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A worker walks through a burned-out control room at a power plant of energy provider DTEK, destroyed after an attack, in an undisclosed location in Ukraine on April 19, 2024. (Genya Savilov/AFP via Getty Images)
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Russian attacks have damaged half of Ukraine's energy system, Foreign Minister Dmytro Kuleba told Foreign Policy in an interview published on May 1.

Moscow has recently intensified its missile and drone strikes against Ukraine's critical infrastructure, launching large-scale attacks on energy facilities across the country on March 22, March 29, April 11, and April 27.

"I will dare to say that if another country suffered this scale of energy destruction, it would look much, much worse than Ukraine. We hold on because we have learned a lot," Kuleba told Foreign Policy.

"Half our energy system is damaged and we still have to run the country, run the war effort, and rally the world’s support," Kuleba said.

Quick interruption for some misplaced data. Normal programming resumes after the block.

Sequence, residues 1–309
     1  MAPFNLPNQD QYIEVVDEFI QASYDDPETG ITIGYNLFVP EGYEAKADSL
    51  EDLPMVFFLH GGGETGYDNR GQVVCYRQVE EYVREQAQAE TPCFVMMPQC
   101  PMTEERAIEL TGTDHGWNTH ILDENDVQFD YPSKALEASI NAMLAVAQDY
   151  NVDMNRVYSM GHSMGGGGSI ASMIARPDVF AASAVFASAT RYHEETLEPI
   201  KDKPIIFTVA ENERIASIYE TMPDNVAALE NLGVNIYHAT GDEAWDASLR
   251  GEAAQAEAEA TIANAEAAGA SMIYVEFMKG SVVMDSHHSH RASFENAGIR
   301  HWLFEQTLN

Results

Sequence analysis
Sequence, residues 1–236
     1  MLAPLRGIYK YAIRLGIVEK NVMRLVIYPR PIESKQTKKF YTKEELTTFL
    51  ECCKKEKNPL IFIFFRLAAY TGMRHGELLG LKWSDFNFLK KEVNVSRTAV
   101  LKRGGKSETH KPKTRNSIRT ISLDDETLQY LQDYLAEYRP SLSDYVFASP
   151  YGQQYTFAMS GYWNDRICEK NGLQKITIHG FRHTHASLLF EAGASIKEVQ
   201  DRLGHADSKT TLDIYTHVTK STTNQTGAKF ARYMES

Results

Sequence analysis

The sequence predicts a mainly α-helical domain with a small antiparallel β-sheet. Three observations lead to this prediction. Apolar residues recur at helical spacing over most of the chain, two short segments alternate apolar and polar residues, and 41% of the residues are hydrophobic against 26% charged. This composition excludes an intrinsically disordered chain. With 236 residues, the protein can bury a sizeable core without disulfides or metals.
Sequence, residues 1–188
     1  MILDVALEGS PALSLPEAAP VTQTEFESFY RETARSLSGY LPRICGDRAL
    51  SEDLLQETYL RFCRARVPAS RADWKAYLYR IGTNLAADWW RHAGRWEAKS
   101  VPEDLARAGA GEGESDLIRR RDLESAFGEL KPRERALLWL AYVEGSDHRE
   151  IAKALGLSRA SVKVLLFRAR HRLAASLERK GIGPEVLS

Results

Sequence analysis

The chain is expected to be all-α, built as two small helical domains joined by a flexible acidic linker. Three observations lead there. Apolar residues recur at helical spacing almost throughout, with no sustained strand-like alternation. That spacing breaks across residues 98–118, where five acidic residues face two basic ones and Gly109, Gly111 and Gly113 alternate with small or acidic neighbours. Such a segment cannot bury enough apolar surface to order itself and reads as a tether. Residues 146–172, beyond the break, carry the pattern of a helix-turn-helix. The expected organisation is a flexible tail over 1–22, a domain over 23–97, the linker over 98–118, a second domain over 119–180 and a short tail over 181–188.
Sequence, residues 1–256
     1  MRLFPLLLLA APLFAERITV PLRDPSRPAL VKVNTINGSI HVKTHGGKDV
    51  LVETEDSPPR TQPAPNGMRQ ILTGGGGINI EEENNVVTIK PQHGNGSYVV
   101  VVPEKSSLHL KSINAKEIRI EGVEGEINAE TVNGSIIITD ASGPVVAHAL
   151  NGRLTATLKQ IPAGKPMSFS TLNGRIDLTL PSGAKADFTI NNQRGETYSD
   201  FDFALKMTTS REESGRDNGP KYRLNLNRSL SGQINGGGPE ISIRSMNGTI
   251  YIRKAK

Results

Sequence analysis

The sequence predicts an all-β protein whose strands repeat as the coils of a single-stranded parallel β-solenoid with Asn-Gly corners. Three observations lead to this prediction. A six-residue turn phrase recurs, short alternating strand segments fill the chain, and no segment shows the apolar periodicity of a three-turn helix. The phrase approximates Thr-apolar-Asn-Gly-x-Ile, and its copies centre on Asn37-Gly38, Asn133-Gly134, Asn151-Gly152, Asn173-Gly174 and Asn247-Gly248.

The interview also touched on the prospect of Donald Trump winning the presidency in November.

Trump has said he would not commit to providing Ukraine with defense assistance if he won the 2024 election and his sway over the Republican Party contributed to the six-month deadlock of the $61 billion in U.S. aid for Ukraine.

"I am a Ukrainian who goes to bed in the evening not knowing whether a Russian missile will hit my house at night," and so "the last thing I worry about is the outcome of elections in other countries," Kuleba said.

Kuleba added that this is "not because I disrespect or ignore the political developments," but because "life taught us to be ready for any scenario, to survive and prevail under any circumstances."

Kuleba also addressed the disagreement among Republicans regarding the level of support Ukraine should receive.

"People come up with some of the most incredible arguments to explain why Ukraine does not deserve to be supported. But the very simple fact is, if you lose in Ukraine, it will have a domino effect and you will start losing everywhere," Kuleba said.

DTEK: Russia has attacked Ukraine’s thermal power plants nearly 180 times
Moscow has recently intensified its missile and drone strikes against Ukraine’s critical infrastructure, launching large-scale attacks on energy facilities across the country on March 22, March 29, April 11, and April 27.
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